year old has increased by 1.8 million accounts to 8.1 million between
                                         fiscal years 1986 and 1989-a growth rate of 29 percent.

                                         Most of the growth in the number and dollar value of accounts receiv-
                                         able over 1 year old occurred in the IMF accounts. However, in terms of
                                         categories, the largest portion of the dollar growth is accounted for by
                                         increases in inactive business accounts while the largest portion of the
                                         growth in number is accounted for by increases in active individual
                                         accounts. Tables I.3 and I.4 show the growth in the dollar value and



                                         Page 10                                      GAO/XI%90-l   11Fs Trends in JRS’ Accounts   Receivable
                                                                   Appendix I
                                                                   Growth and A&ng of IRS’
                                                                   Accounts Receivable




                                                                   number of IMF and               BMF   accounts over 1 year old between fiscal years
                                                                   1986 and 1989.


Table 1.3:Growth In the Dollar Value of IMF and BMF Accounts Receivable Over 1 Year Old, by Collection Status, From Fiscal Year
1988 to 1989
Dollars
 _      in billions

Collection status
Act,“e.                      ~.                1986
                                    ._-..- . -__--__                1989         Changea             1986      1989        Changea          1986        1989      Changea
                                               $3.3                  $6.5            $3.2             $3.6       $3.7         $0.1           $6.9       $10.2         -- $3.1
lr&$e
,-. .“I               .                          4.8 -----.-
                              .-~ .--~- .-.--~-------                 7.6             2.8              8.0      -13.0          5.0           12.7        20.6             7.8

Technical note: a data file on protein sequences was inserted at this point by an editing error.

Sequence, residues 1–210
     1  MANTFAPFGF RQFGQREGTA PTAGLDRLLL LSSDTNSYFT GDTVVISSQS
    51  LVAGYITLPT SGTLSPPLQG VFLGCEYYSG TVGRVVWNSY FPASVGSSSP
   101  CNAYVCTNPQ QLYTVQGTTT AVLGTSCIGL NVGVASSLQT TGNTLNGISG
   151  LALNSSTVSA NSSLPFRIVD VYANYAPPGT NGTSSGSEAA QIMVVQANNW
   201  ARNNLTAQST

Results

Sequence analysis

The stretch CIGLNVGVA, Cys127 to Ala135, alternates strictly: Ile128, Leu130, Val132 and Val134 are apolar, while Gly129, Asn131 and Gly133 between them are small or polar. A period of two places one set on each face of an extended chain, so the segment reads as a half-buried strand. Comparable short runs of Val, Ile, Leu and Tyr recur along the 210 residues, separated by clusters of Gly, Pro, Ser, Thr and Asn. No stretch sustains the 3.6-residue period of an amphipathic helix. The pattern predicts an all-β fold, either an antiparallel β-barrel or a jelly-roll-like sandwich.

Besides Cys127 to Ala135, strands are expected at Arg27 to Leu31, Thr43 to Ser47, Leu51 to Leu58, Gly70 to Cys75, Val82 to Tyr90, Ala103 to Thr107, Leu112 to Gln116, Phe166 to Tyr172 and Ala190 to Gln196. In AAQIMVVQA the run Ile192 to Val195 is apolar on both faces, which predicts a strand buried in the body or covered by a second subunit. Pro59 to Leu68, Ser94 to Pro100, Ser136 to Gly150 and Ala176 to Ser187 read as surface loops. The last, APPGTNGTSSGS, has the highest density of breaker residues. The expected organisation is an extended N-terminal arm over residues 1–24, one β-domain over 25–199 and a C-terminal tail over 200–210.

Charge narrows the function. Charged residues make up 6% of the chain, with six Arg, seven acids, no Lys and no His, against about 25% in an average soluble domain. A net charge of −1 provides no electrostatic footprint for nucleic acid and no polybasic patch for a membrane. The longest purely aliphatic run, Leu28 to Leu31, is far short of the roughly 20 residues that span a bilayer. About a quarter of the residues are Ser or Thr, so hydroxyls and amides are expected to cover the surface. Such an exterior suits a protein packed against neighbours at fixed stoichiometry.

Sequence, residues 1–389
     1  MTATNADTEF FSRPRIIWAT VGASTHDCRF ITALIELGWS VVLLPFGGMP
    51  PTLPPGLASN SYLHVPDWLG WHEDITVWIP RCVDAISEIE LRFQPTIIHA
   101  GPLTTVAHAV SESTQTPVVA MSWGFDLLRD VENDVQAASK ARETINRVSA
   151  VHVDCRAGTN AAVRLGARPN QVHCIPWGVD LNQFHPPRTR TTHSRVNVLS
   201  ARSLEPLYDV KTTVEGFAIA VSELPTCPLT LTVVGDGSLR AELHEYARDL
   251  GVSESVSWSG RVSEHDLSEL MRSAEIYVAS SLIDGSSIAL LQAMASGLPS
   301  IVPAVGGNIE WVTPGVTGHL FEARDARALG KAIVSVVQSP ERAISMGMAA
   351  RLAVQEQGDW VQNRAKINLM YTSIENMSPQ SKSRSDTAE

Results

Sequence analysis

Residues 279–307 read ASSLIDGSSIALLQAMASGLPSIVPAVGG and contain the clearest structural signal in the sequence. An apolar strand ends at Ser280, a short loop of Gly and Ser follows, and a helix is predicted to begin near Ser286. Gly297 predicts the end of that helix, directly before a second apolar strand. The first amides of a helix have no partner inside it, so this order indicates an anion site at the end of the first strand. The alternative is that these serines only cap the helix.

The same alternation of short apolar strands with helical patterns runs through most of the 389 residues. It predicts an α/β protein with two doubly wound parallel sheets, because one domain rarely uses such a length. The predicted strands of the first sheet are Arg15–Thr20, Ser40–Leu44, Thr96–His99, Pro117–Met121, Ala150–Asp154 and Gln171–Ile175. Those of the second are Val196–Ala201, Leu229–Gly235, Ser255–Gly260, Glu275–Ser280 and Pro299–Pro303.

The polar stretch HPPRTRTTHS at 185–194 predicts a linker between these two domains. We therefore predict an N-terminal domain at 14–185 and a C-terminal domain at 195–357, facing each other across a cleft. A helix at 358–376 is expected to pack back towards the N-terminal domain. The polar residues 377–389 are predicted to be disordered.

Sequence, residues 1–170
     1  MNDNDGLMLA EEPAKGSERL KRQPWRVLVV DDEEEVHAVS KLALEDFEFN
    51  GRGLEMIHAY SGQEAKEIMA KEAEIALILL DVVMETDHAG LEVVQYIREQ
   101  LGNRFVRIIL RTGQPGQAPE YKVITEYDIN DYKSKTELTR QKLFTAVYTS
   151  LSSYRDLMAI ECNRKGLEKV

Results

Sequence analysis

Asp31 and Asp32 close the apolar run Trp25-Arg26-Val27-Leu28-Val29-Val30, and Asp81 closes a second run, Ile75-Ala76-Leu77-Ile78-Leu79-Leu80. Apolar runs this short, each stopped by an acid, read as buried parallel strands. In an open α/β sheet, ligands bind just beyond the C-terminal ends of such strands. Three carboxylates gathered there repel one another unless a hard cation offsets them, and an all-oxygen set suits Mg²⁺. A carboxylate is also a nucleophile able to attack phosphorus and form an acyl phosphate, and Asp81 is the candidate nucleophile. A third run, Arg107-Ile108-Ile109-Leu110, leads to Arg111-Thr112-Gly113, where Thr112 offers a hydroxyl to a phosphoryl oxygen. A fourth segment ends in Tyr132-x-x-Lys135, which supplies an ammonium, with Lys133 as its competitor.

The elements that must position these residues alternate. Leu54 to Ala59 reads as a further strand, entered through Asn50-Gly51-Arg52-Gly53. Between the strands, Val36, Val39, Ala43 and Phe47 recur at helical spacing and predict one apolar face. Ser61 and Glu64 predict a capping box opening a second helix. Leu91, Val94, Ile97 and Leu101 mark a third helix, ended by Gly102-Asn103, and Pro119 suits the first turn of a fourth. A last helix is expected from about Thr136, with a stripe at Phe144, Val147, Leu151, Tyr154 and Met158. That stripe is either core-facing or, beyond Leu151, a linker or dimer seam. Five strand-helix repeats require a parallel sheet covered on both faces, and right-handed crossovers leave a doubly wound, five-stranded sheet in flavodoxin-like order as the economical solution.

Total’                                            $8.0             $14.1            $6.1            $11.6      $16.7          $5.1          $19.6       $30.8          $11.2
                                                                   aNumbers do not add or subtract because of rounding.



Table 1.4:Growth in the Number of IMF and BMF Accounts Receivable Over 1 Year Old, by Collection Status, From Fiscal Year
1986 to 1969
Numbers_ in millions              ..-.- .. ..-..... --.-                    --
                                                          IMF                                                BMF                                     TotaP
Collection
.-.        statue                                1986 .-.--.--.1989              Changea             1986      1989        Changea          1986        1989      Changea
Active
._                 ‘- ~~                            0.9           1.7                    0.8           0.6       0.9           0.3            1.5          2.6           1.1
Inactive                                            2 o --.---~.~~--.--o,                  5           2.7       3.0           0.2            4.7          5.4           0.7
Tot&                                                2.9           4.2                    1.3           3.3       3.9           0.5            6.2          8.1           1.8
                                                                   aNumbers do not add or subtract because of rounding